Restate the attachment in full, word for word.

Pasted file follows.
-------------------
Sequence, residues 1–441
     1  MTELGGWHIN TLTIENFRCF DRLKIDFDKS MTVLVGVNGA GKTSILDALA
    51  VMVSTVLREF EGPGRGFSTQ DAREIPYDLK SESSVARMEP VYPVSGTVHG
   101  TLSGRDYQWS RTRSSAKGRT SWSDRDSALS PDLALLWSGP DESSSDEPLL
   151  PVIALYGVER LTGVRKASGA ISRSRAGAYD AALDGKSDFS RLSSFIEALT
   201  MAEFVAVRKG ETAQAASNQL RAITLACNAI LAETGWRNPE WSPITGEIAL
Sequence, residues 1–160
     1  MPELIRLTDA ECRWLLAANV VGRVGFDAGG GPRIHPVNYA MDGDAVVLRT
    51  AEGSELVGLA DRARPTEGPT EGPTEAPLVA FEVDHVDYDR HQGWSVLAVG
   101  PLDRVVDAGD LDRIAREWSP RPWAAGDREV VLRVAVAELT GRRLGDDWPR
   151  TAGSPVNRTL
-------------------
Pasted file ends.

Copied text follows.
Sequence, residues 1–441
     1  MTELGGWHIN TLTIENFRCF DRLKIDFDKS MTVLVGVNGA GKTSILDALA
    51  VMVSTVLREF EGPGRGFSTQ DAREIPYDLK SESSVARMEP VYPVSGTVHG
   101  TLSGRDYQWS RTRSSAKGRT SWSDRDSALS PDLALLWSGP DESSSDEPLL
   151  PVIALYGVER LTGVRKASGA ISRSRAGAYD AALDGKSDFS RLSSFIEALT
   201  MAEFVAVRKG ETAQAASNQL RAITLACNAI LAETGWRNPE WSPITGEIAL
Sequence, residues 1–160
     1  MPELIRLTDA ECRWLLAANV VGRVGFDAGG GPRIHPVNYA MDGDAVVLRT
    51  AEGSELVGLA DRARPTEGPT EGPTEAPLVA FEVDHVDYDR HQGWSVLAVG
   101  PLDRVVDAGD LDRIAREWSP RPWAAGDREV VLRVAVAELT GRRLGDDWPR
   151  TAGSPVNRTL